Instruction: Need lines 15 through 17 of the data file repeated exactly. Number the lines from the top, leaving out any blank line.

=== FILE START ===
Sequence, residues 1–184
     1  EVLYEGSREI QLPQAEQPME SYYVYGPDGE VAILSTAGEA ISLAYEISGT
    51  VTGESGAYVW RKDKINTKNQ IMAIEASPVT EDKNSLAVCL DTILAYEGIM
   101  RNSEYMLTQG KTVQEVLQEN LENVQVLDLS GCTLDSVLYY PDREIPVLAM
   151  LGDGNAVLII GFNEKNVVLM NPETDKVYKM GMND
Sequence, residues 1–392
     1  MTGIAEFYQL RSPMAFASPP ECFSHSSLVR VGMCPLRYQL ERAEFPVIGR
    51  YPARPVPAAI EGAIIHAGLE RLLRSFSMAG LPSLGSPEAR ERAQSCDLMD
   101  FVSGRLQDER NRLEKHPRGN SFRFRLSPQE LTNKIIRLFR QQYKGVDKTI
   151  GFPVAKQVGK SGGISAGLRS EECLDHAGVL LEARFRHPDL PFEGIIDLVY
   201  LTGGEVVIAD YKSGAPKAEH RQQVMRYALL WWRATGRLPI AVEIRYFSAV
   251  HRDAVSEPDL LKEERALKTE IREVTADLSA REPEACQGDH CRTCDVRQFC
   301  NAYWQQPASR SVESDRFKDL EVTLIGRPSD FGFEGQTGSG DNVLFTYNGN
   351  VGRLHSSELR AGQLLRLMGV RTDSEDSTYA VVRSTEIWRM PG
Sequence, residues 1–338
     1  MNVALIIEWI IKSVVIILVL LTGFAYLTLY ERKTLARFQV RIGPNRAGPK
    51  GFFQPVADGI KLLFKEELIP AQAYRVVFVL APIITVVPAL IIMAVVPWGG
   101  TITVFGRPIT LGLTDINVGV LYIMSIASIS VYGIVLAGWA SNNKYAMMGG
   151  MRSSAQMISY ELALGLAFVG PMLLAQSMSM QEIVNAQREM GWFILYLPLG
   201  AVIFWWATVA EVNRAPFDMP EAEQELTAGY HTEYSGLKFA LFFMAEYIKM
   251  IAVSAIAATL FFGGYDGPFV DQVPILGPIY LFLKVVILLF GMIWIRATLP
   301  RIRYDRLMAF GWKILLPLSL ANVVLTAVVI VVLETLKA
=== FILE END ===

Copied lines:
Sequence, residues 1–338
     1  MNVALIIEWI IKSVVIILVL LTGFAYLTLY ERKTLARFQV RIGPNRAGPK
    51  GFFQPVADGI KLLFKEELIP AQAYRVVFVL APIITVVPAL IIMAVVPWGG